Teaching About Haiti
The devastation in Haiti hits us intellectually, emotionally, and ethically, and we ask "how can I help?" A contagious call to action multiplies. Headlines spur teachable moments in the history classroom. Broadly speaking, teaching materials focus on two approaches: the history of Haiti and the history of natural disasters. Fewer resources are available for the former. This blog post gives you some basic resources on Haitian history.
Born Phoebe Ann Moses in 1860 in rural Ohio, Annie Oakley became one of the most famous female entertainers of her day. Her life spanned a time of dramatic cultural change in the United States, and some of the most important years of the women's movement. This website accompanies a film on Oakley's life and work. While offering only a few primary sources, the website is rich with background information. The website also includes a transcript of the film, with extensive commentary by scholars of Oakley's life. Read more here.
Examples of Teaching: Third Graders Analyzing Historical Sources
In these video clips, Kimberly Heckart, lead mentor for the Teaching American History grant Bringing History Home and the site coordinator for Prairie ISD in Iowa, interacts with her students as they learn about child labor during the Industrial Revolution. In carefully sequenced activities, students analyze photos taken by Lewis Hine, consult secondary sources to build background knowledge and answer questions, and generate connections. Watch their excitement here!
Lesson Plan Reviews: Roads to Antietam
With so many topics to teach and so little time, many teachers find it difficult to cover military history. This lesson on the Battle of Antietam provides an excellent opportunity to both teach military history and promote historical thinking skills. Students will hone these skills as they analyze two documents written by General Lee on the eve of the battle. The first document, Lee’s 1862 Proclamation to the people of Maryland, sheds light on Lee’s motivations for invading Maryland. The second document, Special Orders #191, is Lee’s marching orders that were famously intercepted by the Union Army before the battle. Read the review here.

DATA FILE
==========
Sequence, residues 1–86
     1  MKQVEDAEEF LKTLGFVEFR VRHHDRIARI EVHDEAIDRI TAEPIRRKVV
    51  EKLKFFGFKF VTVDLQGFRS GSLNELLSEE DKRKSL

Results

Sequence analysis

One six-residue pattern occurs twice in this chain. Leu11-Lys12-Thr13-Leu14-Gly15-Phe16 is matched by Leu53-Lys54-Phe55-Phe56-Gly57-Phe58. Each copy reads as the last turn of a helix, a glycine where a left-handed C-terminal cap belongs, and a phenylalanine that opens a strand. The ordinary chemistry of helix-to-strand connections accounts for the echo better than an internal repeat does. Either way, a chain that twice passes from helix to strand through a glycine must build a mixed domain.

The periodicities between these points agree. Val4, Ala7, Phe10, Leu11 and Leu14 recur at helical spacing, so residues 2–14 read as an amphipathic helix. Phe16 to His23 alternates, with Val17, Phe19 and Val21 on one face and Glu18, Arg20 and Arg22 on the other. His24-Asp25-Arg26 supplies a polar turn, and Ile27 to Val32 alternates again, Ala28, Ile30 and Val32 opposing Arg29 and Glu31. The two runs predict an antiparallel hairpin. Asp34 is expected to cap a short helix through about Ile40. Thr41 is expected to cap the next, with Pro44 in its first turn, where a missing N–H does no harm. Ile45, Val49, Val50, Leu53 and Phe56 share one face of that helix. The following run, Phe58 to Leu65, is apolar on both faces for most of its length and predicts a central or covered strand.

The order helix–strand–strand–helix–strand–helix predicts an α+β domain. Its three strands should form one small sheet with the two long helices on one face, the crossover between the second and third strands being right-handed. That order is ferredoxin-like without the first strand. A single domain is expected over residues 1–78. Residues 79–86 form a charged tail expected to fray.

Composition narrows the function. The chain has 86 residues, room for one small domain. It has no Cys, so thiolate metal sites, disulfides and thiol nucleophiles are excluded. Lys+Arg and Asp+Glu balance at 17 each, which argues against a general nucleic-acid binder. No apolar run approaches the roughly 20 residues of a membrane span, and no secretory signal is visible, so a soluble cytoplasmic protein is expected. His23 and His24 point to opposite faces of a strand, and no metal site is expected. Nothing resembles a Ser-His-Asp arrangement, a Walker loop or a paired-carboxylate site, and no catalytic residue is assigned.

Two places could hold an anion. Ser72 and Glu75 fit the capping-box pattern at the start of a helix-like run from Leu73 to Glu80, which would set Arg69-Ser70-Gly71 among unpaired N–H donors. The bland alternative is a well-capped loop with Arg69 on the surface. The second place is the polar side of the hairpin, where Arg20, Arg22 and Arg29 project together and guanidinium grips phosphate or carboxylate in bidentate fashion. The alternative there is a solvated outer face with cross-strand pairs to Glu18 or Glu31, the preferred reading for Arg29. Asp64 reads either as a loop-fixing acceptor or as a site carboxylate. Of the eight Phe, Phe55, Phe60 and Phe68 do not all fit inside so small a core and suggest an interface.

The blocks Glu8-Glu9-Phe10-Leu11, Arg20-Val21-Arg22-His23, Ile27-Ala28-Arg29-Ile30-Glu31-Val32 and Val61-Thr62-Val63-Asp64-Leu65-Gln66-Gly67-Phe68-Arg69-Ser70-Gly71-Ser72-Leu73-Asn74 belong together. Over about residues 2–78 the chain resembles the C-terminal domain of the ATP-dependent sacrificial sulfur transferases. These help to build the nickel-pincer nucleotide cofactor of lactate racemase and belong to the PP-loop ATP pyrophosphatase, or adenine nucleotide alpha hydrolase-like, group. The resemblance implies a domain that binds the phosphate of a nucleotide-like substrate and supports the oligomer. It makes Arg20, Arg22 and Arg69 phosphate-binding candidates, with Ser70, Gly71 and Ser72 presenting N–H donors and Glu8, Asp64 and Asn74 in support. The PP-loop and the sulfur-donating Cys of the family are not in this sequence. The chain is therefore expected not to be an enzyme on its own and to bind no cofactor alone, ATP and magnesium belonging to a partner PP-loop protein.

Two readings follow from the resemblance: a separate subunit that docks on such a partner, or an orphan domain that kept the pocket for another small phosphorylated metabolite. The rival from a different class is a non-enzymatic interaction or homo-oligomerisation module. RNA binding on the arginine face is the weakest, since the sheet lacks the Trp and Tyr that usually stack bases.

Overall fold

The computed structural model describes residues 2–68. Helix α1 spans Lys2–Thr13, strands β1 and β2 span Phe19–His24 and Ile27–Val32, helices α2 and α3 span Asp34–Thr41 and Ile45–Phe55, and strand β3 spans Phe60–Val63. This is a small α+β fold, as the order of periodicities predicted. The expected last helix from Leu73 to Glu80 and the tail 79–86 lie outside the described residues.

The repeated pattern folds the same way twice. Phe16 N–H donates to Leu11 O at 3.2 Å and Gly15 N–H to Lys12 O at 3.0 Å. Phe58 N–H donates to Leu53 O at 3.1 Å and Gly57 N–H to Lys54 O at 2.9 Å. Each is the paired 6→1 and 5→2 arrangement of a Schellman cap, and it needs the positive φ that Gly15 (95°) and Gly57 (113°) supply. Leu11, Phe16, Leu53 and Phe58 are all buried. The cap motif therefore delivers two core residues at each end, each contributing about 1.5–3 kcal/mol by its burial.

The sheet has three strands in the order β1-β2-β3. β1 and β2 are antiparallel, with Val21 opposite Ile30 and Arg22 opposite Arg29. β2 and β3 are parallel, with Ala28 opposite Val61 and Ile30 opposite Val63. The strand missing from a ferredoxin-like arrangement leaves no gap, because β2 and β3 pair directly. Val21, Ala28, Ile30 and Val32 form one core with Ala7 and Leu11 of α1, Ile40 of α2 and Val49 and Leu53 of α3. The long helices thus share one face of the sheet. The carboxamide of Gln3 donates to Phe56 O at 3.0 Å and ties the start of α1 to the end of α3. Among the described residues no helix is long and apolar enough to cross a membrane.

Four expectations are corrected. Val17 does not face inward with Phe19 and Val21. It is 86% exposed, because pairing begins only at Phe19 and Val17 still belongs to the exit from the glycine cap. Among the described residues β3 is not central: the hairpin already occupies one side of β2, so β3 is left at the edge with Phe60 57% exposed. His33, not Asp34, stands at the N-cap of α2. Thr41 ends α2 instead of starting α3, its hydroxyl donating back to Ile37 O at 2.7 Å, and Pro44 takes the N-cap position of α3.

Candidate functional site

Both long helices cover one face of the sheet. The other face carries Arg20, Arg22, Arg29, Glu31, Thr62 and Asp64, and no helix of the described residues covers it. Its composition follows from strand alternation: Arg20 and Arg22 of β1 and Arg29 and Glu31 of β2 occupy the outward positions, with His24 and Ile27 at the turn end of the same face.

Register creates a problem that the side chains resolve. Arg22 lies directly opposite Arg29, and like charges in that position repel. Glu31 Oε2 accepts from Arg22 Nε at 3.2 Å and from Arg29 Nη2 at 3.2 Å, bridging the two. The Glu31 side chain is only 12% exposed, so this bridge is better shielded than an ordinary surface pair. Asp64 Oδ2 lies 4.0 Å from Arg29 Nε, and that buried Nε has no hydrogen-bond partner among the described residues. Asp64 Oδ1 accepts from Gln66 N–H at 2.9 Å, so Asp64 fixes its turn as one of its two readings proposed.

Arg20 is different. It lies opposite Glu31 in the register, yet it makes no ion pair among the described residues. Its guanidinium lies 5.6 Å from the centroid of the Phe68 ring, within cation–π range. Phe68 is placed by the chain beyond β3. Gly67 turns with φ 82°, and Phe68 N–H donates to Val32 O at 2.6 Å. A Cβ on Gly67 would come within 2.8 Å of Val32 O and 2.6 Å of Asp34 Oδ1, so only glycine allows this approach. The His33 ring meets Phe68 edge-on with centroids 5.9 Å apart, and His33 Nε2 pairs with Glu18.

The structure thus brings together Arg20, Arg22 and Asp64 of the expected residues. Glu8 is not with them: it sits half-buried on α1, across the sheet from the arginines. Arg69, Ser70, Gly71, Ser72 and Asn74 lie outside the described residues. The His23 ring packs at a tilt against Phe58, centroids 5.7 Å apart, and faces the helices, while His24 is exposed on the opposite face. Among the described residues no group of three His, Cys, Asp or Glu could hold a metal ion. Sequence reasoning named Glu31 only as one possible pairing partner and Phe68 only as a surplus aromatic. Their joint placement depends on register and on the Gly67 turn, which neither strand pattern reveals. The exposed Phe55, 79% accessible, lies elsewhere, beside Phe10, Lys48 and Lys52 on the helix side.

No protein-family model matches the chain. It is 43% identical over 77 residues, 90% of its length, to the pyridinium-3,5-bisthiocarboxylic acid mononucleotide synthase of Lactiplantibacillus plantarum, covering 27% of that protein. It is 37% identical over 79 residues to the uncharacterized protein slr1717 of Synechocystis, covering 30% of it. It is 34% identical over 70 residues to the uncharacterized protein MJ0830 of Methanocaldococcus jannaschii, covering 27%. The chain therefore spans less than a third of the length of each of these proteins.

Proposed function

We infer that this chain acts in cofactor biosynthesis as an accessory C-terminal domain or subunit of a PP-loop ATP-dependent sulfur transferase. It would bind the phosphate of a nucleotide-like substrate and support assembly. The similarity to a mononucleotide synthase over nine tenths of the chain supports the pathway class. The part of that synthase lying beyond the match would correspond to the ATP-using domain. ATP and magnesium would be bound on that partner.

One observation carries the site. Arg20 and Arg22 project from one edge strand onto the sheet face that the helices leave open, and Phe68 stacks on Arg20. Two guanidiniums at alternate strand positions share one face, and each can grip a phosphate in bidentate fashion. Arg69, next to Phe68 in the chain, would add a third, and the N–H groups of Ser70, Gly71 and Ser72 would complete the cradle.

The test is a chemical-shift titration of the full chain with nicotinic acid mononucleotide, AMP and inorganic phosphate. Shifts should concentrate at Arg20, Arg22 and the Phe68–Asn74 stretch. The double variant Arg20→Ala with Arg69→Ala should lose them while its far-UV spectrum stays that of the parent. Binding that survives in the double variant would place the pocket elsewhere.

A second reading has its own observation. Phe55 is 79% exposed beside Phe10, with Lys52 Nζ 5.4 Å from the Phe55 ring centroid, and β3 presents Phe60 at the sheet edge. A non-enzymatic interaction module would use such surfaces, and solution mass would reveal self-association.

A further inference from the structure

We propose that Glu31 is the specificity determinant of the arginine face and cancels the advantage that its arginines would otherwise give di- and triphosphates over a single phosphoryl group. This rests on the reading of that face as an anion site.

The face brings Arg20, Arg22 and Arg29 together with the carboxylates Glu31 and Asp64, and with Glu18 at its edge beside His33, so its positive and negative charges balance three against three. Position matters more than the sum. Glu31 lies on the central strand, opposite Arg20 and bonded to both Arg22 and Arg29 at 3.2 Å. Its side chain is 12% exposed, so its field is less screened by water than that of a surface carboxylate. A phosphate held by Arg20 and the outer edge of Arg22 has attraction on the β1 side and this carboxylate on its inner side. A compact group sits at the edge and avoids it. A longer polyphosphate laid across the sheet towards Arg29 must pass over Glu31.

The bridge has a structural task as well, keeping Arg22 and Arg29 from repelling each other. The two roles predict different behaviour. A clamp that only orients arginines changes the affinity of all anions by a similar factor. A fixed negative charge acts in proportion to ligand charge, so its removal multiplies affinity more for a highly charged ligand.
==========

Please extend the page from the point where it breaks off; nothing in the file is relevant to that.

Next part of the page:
Issues and Research
Research Highlights: "Uncoverage" in History Survey Courses
The emphasis in survey courses is on "coverage"—trying to get through vast quantities of material. These courses focus only on "what happened," without stopping to consider the work that historians do or to inquire into the writing and reading of history. Lendol Calder, a professor at Augustana College, argues for a new way of teaching about the past—"uncoverage." Uncoverage, writes Calder, is naturally suited to history, which is about inquiry, argument, and point of view. Historians often use incomplete evidence to construct reasonable stories about the past. Read more about uncoverage in history classes here.
Lessons Learned—Accessibility: Inviting Participation
Tom Thurston, Education Director of the Gilder Lehrman Center for the Study of Slavery, Resistance, and Abolition, contrasts the drop-in and cohort models of TAH projects, concluding that it's possible to invite outside teacher participation even with the cohort model. He then goes on to suggest that project directors choose novel, inviting venues for events to encourage teacher attendance. Watch the video here.
NEH Teacher Workshops at The Henry Ford
The Henry Ford will offer teacher workshops on America’s Industrial Revolution. Join teachers from all over the country to experience 150 years of technology evolution in a week. Explore new themes and historic sites each day; interact with scholars, museum curators, public historians/dramatic presenters, and master teachers; and experience 150 years of technology evolution in a week. Workshops take place in June. Stipend provided. Registration deadline is March 2. Read more here.